Congenital gastrointestinal malformations comprise approximately 6% of all congenital anomalies (Yahchouchy et al. 2001). VD remnants are some of the most common congenital gastrointestinal anomalies and result in several other anomalies, including omphalomesenteric fistulas, enterocysts, fibrous bands connecting the intestine to the umbilicus, and Meckel’s diverticulum (Uppal et al. 2011). Nevertheless, Meckel’s diverticulum accounts for 90% of all VD anomalies. It occurs more frequently in males, and in the majority of cases, it is asymptomatic and only incidentally discovered during laparotomies conducted for other reasons, either through imaging or laparoscopy (Park et al. 2005; Bani-hani and Shatnawi 2004; Matsagas et al. 1995; Pinero et al. 2002; Sinha 2005).

Vitelline duct is seen most often in neonates and infants (Kamii et al. 1992). Very few cases have been reported in adults. In this report, we present the case of a 56-year-old male with asymptomatic OMD remnants with axillary masses. However, pathological examination proved that these were both metastatic adenocarcinoma. The pathogenesis of residual VD adenocarcinoma is not yet clear; gland metaplasia in residual gastrointestinal mucosal epithelia may be the foundation of the pathogenesis of residual VD adenocarcinoma. Axillary lymph node metastasis was probably associated with the superficial shallow lymph circumfluence of the abdominal wall in this patient’s case. Above the navel, the superficial vein drained into the axillary vein via the thoracic abdominal veins, accompanied by corresponding vein lines of lymphatic backflow into the axillary lymph nodes; below the umbilicus, lymph circumfluence was present in the shallow inguinal lymph nodes. We reviewed the literature, but no similar cases were found. Thus, we believe that this may be the first report of an OMD remnant adenocarcinoma with axillary lymph node metastasis in an adult.

The correct diagnosis of an OMD remnant before surgery is often difficult because an OMD remnant simulates many other abdominal pathologies. Differential diagnoses include Crohn’s disease, colonic diverticulitis, perforated neoplasms, pelvic inflammatory disease and urachal remnants (when localized to the periumbilical region) (Salemis 2009). A previous study presented diagnostic modalities that are used in the investigation of patients with suspected OMD remnants (Ioannidis et al. 2012). The case we report here had no typical symptomatic VD remnants. PET–CT is valuable for the diagnosis of gastrointestinal tumors. Combined PET–CT scanners have been introduced into clinical practice to provide additional information about tumors (Antoch et al. 2003). In this case, the PET–CT was the foundation of the diagnosis of the VD tumor.

In the present case, OMD remnant adenocarcinoma was suspected from the physical and imaging examination findings. Surgery provided a definitive diagnosis of an OMD remnant and curative treatment by resection with minimal invasion (Morita et al. 2015). Importantly, this procedure provided both a good field of view around the umbilicus and an adequate working space in which to definitively diagnose the OMD remnant. Although it is a rare clinical entity, a complicated OMD remnant should always be kept in mind in patients presenting with an umbilical mass.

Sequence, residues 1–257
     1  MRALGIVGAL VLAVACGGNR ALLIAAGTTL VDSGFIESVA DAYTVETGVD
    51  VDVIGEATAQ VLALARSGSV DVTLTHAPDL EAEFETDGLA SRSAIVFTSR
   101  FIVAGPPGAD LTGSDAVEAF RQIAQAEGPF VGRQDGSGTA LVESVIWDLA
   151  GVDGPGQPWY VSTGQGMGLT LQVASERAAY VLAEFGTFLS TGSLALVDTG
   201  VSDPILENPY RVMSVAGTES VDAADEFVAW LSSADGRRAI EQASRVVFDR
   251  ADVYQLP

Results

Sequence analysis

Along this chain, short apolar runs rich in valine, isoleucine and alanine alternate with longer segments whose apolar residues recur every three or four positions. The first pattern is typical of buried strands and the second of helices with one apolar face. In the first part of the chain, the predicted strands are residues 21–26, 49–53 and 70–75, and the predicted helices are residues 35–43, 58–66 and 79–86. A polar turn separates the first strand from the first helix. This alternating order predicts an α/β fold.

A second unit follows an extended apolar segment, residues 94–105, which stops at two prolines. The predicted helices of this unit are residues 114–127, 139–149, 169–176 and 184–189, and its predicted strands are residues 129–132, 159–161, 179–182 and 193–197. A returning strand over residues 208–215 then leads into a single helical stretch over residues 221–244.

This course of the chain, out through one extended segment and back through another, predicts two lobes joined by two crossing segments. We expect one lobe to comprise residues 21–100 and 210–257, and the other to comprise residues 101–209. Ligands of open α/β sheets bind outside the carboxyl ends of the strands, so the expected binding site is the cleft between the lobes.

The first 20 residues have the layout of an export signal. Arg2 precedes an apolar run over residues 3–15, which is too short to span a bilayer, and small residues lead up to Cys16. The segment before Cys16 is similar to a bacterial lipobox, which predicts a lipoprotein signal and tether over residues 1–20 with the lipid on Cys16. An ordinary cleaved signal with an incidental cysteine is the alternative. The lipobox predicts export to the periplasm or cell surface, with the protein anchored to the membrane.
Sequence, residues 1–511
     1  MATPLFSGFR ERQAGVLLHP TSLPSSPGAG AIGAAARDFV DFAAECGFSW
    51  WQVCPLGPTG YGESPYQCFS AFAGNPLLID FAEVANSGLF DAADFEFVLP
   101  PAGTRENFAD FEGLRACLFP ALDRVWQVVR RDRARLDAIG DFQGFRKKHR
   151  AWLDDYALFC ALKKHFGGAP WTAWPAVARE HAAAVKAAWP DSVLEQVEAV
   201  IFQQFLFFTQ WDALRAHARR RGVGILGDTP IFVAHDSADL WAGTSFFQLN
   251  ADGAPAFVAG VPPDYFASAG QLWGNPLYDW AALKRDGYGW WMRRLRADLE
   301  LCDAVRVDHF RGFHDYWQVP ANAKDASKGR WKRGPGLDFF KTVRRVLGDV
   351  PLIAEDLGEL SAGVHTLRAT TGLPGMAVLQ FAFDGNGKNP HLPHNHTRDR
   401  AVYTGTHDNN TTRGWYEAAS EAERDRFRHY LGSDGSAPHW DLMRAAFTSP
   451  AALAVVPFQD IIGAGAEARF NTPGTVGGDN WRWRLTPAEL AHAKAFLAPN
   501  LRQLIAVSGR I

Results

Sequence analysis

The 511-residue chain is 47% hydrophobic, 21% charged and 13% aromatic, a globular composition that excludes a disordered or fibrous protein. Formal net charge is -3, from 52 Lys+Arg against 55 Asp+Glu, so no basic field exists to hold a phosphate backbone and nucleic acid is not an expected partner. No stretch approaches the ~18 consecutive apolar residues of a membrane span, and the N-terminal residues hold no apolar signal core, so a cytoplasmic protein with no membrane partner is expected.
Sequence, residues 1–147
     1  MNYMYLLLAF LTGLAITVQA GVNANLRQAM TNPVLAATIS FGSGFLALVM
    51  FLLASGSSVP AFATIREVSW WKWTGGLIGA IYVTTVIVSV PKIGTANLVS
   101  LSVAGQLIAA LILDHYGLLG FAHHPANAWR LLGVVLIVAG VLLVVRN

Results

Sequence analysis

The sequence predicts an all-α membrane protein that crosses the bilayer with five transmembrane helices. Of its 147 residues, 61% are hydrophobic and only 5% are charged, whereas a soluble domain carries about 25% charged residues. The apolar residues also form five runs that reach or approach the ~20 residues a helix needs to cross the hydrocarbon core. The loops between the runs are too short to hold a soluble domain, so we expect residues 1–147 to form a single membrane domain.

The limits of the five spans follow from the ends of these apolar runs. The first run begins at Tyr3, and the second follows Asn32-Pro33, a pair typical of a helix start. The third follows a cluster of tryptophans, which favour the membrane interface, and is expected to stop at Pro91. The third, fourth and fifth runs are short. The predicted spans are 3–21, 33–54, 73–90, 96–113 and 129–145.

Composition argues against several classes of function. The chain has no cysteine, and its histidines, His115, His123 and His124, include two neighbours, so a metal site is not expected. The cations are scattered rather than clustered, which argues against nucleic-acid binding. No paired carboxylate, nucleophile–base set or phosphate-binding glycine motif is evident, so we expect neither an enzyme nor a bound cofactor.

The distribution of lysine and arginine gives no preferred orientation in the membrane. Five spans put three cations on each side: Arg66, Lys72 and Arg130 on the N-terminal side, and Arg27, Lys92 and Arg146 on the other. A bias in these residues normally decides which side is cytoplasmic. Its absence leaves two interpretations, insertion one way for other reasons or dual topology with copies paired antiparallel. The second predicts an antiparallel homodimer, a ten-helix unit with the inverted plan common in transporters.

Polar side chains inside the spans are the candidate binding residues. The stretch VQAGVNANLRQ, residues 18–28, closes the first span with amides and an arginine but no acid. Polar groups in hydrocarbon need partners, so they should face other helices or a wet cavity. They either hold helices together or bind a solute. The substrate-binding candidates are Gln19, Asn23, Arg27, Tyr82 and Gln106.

Omphalomesenteric duct remnant adenocarcinoma is very rare, and few relevant studies have been reported. The combined pathological type, operation findings, imaging findings and even a colonoscopy are needed for diagnosis. Final diagnosis of the navel VD residual adenocarcinoma is made on the basis of postoperative pathological and immunohistochemical results; follow-up treatment should choose one type of chemotherapy regimen of postoperative gastrointestinal malignant tumors.

Patients with axillary lymph node metastases require adjuvant chemotherapy 6 months after resection of the primary tumors (Des Guetz et al. 2010). This therapy might include FOLFOX (Maindrault-goebel et al. 2000), CapeOX (Schmoll et al. 2007), or FLOX (Kuebler et al. 2007). For patients who cannot use oxaliplatin, the single drug capecitabine (Twelves et al. 2005) or 5-FU/LV (Haller et al. 2005) can be used. FOLFOX is among the most effective regimens for treating resistant gastrointestinal cancer (Maindrault-goebel et al. 2000). FOLFOX6 chemotherapy was administered to this patient. A clinical review of this patient’s treatment revealed an ideal curative effect and no signs of recurrence or metastasis.


We have presented an extremely rare case of OMD remnant adenocarcinoma safely resected by surgery in an adult patient. Imaging plays a critical role in the diagnosis of OMD remnants. An awareness of the variety of these anomalies is essential to their proper management.


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Authors’ contributions

BZ contributed acquisition of clinical data, drafting of the manuscript. YL contributed critical revision of the manuscript. HL contributed surgical procedures of this case report. XM contributed study supervision. All authors read and approved the final manuscript.


Authors thanked Dr. Yun Ma for the pathological diagnosis.

Competing interests

The authors declare that they have no competing interests.


Written informed consent was obtained from the patient for publication of this case report. Ethics approval and consent have obtained from ethics committee of Affiliated Tumor Hospital of Guangxi Medical University.


This study was funded by Guangxi Key Program (No.Guike AB16380202).

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Correspondence to Xianwei Mo.

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Zhou, B., Lai, H., Lin, Y. et al. Omphalomesenteric duct remnant adenocarcinoma in adults: a case study. SpringerPlus 5, 2027 (2016).